• (i) if the control parameter decreases when the flow rate of the gas stream entering or exiting a vessel is increased during the specific sequential step as determined in (d) and if the value of the control parameter for a selected vessel is less than the average value of the control parameter for all vessels of the composite bed during the specific sequential step, decreasing the gas flow rate entering or exiting the selected vessel.

In this embodiment, the control parameter may be selected from the group consisting of

    • (1) the time-average concentration of a selected component in the product gas from the vessel;
    • (2) the minimum or maximum concentration of a selected component in the product gas from the vessel;
    • (3) the time-average of the concentration of a selected component in the purge effluent gas from the vessel;
    • (4) the minimum or maximum concentration of a selected component in the purge effluent gas from the vessel;
    • (5) the maximum or minimum concentration of a selected component in the void space of the adsorbent at a selected point in the vessel;
    • (6) the differential pressure between two points in the vessel at a selected time during the sequential steps;
    • (7) the minimum or maximum temperature at a selected point in the vessels during the sequential steps; and
    • (8) the minimum or maximum pressure at a selected point in the vessel during the sequential steps.
BRIEF DESCRIPTION OF SEVERAL VIEWS OF THE DRAWINGS

FIG. 1 is a schematic flow diagram of an exemplary pressure swing adsorption system.

FIG. 2 is a cycle chart of a process that may be operated using the system of FIG. 1.

FIG. 3 is a schematic flow diagram of a multiple-vessel bed for use in the system of FIG. 1.

FIG. 4 is a schematic flow diagram of another multiple-vessel bed for use in the system of FIG. 1.

FIG. 5 is a schematic flow diagram of yet another alternative multiple-vessel bed for use in the system of FIG. 1.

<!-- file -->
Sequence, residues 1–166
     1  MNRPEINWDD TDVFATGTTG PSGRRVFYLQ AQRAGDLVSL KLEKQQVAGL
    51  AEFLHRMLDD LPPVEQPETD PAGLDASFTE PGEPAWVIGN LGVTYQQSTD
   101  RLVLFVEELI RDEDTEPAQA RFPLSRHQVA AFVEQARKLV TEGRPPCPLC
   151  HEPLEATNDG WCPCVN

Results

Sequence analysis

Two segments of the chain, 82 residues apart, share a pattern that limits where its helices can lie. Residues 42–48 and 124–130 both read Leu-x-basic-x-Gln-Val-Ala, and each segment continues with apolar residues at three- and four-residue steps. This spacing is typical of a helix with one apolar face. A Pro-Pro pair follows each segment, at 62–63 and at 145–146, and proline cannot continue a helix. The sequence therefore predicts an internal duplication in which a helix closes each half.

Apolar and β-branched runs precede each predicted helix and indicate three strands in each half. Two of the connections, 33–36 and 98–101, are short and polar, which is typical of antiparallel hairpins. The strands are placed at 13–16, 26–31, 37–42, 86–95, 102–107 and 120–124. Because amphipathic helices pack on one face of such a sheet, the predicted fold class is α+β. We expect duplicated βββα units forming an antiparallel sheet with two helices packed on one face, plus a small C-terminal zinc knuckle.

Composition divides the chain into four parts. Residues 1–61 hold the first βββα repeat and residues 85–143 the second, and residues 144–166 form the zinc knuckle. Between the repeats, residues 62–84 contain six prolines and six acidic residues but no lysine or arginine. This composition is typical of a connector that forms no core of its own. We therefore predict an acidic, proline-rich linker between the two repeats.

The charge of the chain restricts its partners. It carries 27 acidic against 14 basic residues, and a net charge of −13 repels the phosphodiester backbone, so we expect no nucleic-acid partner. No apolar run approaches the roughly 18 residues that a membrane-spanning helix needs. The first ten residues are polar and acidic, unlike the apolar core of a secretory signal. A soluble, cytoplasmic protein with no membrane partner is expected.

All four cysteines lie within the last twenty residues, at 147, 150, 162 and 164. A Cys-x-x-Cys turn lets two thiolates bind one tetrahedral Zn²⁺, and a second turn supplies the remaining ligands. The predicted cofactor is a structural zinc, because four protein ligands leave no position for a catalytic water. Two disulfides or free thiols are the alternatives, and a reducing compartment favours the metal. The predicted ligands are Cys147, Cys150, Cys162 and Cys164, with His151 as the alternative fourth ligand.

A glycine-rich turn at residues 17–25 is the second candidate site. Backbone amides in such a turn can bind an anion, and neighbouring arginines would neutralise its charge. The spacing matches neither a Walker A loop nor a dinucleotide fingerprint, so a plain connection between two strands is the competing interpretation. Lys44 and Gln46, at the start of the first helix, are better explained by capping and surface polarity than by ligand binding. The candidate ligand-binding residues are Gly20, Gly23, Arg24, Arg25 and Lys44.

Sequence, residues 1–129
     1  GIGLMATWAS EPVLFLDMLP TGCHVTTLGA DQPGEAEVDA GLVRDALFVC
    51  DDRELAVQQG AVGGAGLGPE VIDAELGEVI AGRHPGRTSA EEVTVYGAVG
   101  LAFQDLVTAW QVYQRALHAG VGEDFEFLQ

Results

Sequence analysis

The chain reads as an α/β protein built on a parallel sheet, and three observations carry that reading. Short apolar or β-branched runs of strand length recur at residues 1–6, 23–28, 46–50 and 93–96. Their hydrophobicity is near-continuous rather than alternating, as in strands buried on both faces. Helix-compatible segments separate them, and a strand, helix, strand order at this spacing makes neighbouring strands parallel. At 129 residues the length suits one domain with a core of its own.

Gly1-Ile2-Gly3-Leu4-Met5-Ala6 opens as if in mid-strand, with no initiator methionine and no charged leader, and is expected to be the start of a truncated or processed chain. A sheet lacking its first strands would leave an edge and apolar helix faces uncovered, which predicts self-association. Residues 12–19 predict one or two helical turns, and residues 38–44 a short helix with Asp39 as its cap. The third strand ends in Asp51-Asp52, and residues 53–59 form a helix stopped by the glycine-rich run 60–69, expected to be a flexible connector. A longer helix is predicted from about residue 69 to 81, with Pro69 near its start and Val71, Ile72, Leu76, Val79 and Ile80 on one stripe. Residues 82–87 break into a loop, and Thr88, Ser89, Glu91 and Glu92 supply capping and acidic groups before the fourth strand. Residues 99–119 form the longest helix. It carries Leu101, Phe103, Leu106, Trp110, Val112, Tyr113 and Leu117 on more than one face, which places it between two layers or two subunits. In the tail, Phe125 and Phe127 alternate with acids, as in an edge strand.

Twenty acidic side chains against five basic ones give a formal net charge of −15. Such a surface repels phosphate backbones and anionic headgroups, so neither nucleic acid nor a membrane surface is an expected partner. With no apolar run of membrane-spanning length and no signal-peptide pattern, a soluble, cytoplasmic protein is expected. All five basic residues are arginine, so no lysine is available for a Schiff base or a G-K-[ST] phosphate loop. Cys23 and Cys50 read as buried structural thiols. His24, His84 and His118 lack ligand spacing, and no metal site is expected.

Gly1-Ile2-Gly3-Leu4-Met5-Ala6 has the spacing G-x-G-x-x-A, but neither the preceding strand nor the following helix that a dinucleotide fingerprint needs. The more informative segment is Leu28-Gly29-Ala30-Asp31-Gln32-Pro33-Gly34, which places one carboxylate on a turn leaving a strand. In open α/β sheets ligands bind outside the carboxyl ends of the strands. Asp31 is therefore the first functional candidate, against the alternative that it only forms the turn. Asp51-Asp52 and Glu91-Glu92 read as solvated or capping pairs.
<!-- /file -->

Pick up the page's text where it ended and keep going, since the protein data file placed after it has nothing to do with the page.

FIG. 6 is a schematic flow diagram of an alternative multiple-vessel bed for use in the system of FIG. 1.

DETAILED DESCRIPTION OF THE INVENTION

Embodiments of the present invention include a pressure swing adsorption system comprising one or more composite beds, each composite bed comprising adsorbent material disposed in two or more vessels in parallel flow configuration, each vessel having a feed end and a product end. The pressure swing adsorption system using this configuration may be operated according to any cyclic PSA process that includes at least the steps of (1) introducing the feed gas mixture into the feed ends of two or more vessels of a composite bed and withdrawing product gas from the product ends of the two or more vessels of the composite bed, (2) withdrawing gas at decreasing pressure from the feed ends of the two or more vessels of the composite bed, (3) purging the composite bed by introducing purge gas into the product ends of the two or more vessels of the composite bed and withdrawing purge effluent gas from the feed ends of the two or more vessels of the composite bed, and (4) introducing gas into the product ends and/or feed ends of the two or more vessels of the composite bed at increasing pressure.

In the present disclosure, the term “bed” means a mass of adsorbent material installed in a single vessel into which gas is introduced and from which gas is withdrawn during the multiple steps of a cyclic PSA process according to methods known in the art. The term “composite bed” is defined herein as a total mass of adsorbent material that consists of two or more amounts of adsorbent material contained respectively in two or more parallel vessels. The total amount of adsorbent material in the composite bed is the sum of the amounts of adsorbent material contained in the two or more parallel vessels. The adsorptive material in the two or more parallel vessels is subjected collectively to the total gas inflow and outflow of the composite bed during the steps of the PSA cycle such that the adsorbent material in each vessel is subjected to the same process cycle step of the same duration in a given time period. The parallel vessels therefore operate synchronously throughout the steps in the PSA cycle.